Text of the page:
By Leah Ching
Can print media ever really be dead? This question continues to pop up since the surge of the Internet and online media. With e-books, e-newspapers and access to information widely proliferated online, many business have altogether migrated to the web for a variety of potential advantages. Along with cost effectiveness and the potential for more exposure, there’s consumer convenience and the ease of reaching international consumer bases.
For some reason, however, research suggests that print media still maintains advantages over its digital counterparts. Typing in “why print media” into Google returns top searches “Why print media is still important” and “Why print media will not die.” Of the 227,000,000 search results that pop up, the first pages are filled with journal articles and researchers’ findings on the issue.
Arguably, that which is most important for many businesses is advertising. One study by a European based research institute suggests that consumers continue to have the most trust in advertising from magazines and newspapers. Consumers in this study gave magazines and newspapers a score of 63% as compared to 41% for television and 25% for the Internet.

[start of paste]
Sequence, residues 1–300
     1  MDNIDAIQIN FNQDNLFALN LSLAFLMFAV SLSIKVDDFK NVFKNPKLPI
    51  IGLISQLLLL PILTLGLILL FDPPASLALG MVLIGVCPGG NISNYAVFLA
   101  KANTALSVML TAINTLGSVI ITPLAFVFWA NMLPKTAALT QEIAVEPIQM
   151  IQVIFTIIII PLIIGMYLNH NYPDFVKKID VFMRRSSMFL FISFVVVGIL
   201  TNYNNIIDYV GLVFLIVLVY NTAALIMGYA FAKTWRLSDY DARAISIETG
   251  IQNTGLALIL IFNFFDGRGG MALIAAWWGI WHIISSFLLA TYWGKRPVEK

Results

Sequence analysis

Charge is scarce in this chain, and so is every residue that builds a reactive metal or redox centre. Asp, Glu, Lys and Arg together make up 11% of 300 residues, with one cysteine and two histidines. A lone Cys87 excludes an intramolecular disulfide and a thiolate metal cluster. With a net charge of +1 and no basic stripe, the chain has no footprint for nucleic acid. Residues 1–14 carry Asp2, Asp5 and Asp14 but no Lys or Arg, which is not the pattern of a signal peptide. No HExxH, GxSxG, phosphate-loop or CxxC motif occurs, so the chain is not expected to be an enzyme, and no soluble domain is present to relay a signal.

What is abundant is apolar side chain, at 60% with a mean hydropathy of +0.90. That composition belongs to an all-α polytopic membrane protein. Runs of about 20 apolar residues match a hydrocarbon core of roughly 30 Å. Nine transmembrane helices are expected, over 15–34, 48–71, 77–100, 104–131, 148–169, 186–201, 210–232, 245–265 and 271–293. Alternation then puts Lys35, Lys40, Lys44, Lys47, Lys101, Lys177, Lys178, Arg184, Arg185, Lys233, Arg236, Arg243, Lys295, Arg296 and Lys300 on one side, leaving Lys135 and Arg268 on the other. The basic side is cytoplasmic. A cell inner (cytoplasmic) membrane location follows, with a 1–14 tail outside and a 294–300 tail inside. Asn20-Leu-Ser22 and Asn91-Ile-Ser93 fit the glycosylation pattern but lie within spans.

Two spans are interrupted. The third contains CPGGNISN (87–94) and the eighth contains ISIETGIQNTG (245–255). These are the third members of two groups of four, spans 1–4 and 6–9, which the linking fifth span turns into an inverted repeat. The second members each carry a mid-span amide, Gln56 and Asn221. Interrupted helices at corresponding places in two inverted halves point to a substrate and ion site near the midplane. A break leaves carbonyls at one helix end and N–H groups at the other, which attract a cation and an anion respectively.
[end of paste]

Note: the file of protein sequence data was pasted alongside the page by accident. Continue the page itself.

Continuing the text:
The sense of legitimacy stemming from print is bolstered by the saturation of information available on the web, which is often perceived as overwhelming. In advertising, pop-ups and banner ads, along with fears of spam or viruses make many people hesitant to click any ad online, even from trusted websites. Adblock plus, a browser-add on to block online ads, conducted a survey of North American internet users and found that 95% of consumers don’t trust online advertising.
This topic is widely researched and studies continue to pop up researching print media’s relevance. Another study shows that consumers are more engaged when reading printed material, and that digital screen text is read by most about 20-30% slower than words on printed-paper. The tangibility of print media and the ability to hold and save a good reading, rather than having it float around in cyberspace, is a large appeal to readers.
The onset of the digital age is undeniable. So is the idea that both print and online media aren’t going anywhere. Successful media outlets and businesses will strive to bridge the gap between both forms of communications through QR codes and utilizing as many channels as possible to reach a multitude of demographics.
Third year English major Emily said, “print media holds an important cultural significance in the public eye.” She followed up by saying, “Why do you think book lovers swoon so much at the idea of getting a first edition book as a gift? Having access to information online is convenient, but I don’t think the satisfaction running your fingers over the edge of a page will ever be completely eradicated.”